Ekchian next contends that even if the IDS is fair game for use in claim interpretation and for purposes of estoppel, the district court erred by mischaracterizing his arguments regarding the prior art. The court determined that Ekchian differentiated his device from the prior art on the ground that the liquid in his device was conducting while the liquid in the prior art patent was nonconducting. In light of the prosecution history, the court concluded that Ekchian's claimed liquid-like medium must necessarily be more conductive than the liquid disclosed in the prior art patent. Ekchian asserts that no such distinction was made. He contends that he differentiated his invention on the ground that he uses a solid dielectric with a liquid capacitor plate while the prior art used a liquid dielectric and solid capacitor plate. We agree. The statements in the IDS distinguished the prior art's use of a liquid dielectric from Ekchian's invention as follows:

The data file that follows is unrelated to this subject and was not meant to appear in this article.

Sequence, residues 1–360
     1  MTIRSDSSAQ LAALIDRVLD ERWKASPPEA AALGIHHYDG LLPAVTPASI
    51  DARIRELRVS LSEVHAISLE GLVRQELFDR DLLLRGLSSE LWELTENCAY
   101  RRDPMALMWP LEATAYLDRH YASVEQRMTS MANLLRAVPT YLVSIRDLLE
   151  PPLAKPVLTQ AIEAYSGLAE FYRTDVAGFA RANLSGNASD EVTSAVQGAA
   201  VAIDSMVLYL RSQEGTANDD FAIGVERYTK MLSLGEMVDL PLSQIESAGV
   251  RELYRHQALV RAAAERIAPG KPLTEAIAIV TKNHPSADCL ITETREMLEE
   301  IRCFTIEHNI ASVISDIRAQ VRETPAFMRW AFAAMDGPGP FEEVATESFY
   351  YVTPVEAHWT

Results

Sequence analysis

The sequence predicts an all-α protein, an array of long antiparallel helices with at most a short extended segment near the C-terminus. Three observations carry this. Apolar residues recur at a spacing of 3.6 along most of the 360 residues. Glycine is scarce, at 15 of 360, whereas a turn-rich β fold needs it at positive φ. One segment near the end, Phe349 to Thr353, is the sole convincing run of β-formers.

[The prior art] device differs from the inclinometer of the present invention in which a variable capacitance is established between a rigid wall of a vessel, preferably spherical, and an electrically conductive fluid, liquid, paste, or solid powder mixed in a liquid, which acts as a conductive liquid capacitor plate as the device tilts. The vessel surface has a thin coating of a solid dielectric material of uniform thickness. (emphasis added)
Thus, Ekchian did not distinguish the conductivity of his liquid from the conductivity of the liquid in the prior art. In fact, the prior art patent does not refer to the conductive properties of its disclosed liquid.